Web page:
Earlier that evening two new Spanish gowns had been delivered to her apartment—gifts from the King. Katherine was astonished at this unexpected munificence, but then understanding dawned. The gowns had been sent to give the lie to any complaints of ill-treatment that she might make to Philip and Juana. Still, they were beautiful, one in black velvet and one in yellow damask with crimson sleeves. She chose the black, even though it emphasized her pallor. If only she felt better. She had needed Maria to help her out of bed to dress, and her friend was a step behind her now, one hand ready to steady her.

  As they entered the great hall, Katherine searched for the beautiful face of her sister. There was the King; there, to her delight, her own Prince Henry. Seated with them at the high table was a strikingly attractive man, who turned to watch as she walked slowly past the crowded tables. She could feel him examining her with almost indecent interest and knew this must be Philip.

  Katherine could see why they called him “the Handsome.” Tall, with long dark locks, his full, sensual lips and narrow-lidded eyes hinted at a powerful, barely concealed sexuality. No wonder Juana was possessive! Yet there was a coldness too, which left Katherine in little doubt that ruthless self-interest was what drove her brother-in-law. As she reached the table, he addressed her as his dear sister, but his eyes had already moved on to other ladies.

  Juana was nowhere to be seen.

  Katherine was surprised to find herself seated in the place of honor besid
e King Henry. It only confirmed her suspicion that Henry meant Philip to return to Spain with glowing reports of how honorably she was being treated; she could hardly believe that it marked her return to favor. As she sat down, she looked again for Juana, but she was not there.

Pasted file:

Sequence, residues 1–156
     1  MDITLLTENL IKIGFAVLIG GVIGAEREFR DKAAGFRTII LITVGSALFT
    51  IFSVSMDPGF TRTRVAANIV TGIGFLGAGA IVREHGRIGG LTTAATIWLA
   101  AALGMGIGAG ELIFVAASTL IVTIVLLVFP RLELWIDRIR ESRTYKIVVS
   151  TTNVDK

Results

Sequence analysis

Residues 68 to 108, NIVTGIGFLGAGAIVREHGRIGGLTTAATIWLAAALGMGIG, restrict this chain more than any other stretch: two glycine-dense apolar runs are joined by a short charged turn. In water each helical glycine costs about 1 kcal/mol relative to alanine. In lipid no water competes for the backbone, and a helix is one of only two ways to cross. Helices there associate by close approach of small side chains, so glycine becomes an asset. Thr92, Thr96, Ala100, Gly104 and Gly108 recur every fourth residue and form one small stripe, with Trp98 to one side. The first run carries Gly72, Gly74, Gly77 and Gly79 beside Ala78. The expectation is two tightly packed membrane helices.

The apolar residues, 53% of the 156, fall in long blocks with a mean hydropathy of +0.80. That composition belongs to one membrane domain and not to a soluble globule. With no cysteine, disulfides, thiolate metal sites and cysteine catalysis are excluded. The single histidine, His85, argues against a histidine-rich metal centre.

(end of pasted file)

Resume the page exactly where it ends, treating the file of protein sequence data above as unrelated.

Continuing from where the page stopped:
“I hope my sister is joining us?” she asked the King.

  Overhearing, Philip flicked a wrist as if in dismissal. “She is still recovering from the journey. No doubt she will be in better spirits tomorrow.”

  Katherine tried not to show her dismay. She had placed such hope in this meeting. Suppressing her desire to demand that she be taken straight to her sister, Katherine turned to Prince Henry, who was seated at the King’s other hand. At least she would be able to speak with him. At fourteen, he had already shot up in height, and was taking on the image of manhood. As he greeted her, he was as courteous as ever, but still aloof, and she saw in him something of the reserve she had found daunting in his brother Arthur. Was it because Henry no longer wanted her? She prayed that was not true. As the first course arrived—all twenty dishes of it—she tried to engage him, but his answers were short, with little of the passion she remembered in their previous conversations.

  When the feasting was done, the King asked her to dance with her ladies for Philip’s entertainment. She could feel the fever rising, making her light-headed, but she stepped forward for Prince Henry’s benefit, and was gratified when he applauded her loudly. At his father’s bidding, she invited Philip to join the dancers, but he refused, and remained deep in conversation with his royal host, talking politics.


  And that was the way it remained—the weeks that followed were dominated by interminable parleys and meetings, in which she had no part, nor would have expected to. But something secret was definitely being discussed, and she suspected it concerned her. When she was invited to join the two monarchs and their parties, she was dismayed by the disrespectful way Philip spoke of her father, making no attempt to hide his dislike for King Ferdinand.